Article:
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Fri September 16th 2022, 12:00 - 1:00pm
PAB 102/103

When built, the MAGIS-100 atom interferometer will be the largest in the world. But it's still missing a key component: a detailed camera. Stanford University

Ph.D. Candidate:  Jordan O'Neal

Research Advisor: 
Philip Bucksbaum

Date: September 16, 2022
Time: 12:00 pm

Location: PAB 102/103

Zoom Link:

Zoom Password: email nickswan [at] (nickswan[at]stanford[dot]edu) for password.


Tracking Charge Migration with Attosecond X-ray Pulses from a Free-Electron Laser

Photochemistry begins with electrons reacting to an incident field on an attosecond timescale.  At longer time scales, the electron dynamics couples to the nuclear dynamics, driving chemical changes.  I report an observation of the purely electronic attosecond response, dubbed charge migration, in the time domain, and find the coherence lifetime is at least a few femtoseconds.  We use attosecond X-ray pump/attosecond X-ray probe pulses developed recently by our group at the Linac Coherent Light Source~(LCLS) X-ray free-electron laser in an impulsive ionization scheme.  The short pulse enables high temporal resolution, while the X-ray wavelength allows measurements of the charge density around specific atomic sites.  This measurement agrees with simulations including the effect of zero-point geometry spread, showing how the nuclear wavepacket affects charge migration.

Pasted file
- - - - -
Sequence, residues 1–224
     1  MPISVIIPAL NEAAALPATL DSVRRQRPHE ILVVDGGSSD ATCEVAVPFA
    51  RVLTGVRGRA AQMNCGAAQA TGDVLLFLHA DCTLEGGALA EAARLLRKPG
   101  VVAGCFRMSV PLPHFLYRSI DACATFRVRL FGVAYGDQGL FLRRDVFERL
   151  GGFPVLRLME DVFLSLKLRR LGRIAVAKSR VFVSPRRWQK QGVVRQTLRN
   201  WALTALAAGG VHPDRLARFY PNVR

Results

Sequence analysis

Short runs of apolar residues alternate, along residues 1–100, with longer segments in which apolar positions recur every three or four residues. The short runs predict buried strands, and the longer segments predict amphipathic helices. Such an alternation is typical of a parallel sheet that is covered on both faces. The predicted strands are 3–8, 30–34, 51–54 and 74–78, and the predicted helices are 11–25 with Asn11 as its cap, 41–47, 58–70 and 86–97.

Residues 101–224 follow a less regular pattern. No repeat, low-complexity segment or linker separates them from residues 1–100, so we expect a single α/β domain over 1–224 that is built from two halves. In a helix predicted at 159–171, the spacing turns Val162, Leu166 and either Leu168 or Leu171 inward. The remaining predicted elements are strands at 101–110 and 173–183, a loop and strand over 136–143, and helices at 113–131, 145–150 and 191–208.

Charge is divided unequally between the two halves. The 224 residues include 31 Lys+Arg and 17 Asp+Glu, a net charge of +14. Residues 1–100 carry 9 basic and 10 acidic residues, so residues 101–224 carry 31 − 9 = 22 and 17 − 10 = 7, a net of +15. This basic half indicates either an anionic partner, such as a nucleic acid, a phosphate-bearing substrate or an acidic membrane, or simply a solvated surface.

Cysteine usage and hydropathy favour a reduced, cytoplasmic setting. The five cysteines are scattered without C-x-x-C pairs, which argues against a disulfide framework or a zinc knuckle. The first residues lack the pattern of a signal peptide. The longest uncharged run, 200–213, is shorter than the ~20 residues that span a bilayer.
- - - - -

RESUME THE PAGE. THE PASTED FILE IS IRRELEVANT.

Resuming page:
From a separate experiment, I report an observation of impulsive stimulated X-ray Raman scattering~(SXRS) using a single attosecond X-ray pulse.  Impulsive SXRS is a building block for nonlinear X-ray spectroscopic techniques that can pump and probe charge migration of valence electrons in a controllable manner.  I will also discuss planned future experiments to implement impulsive SXRS in a Raman interferometry scheme to measure and manipulate charge migration more systematically.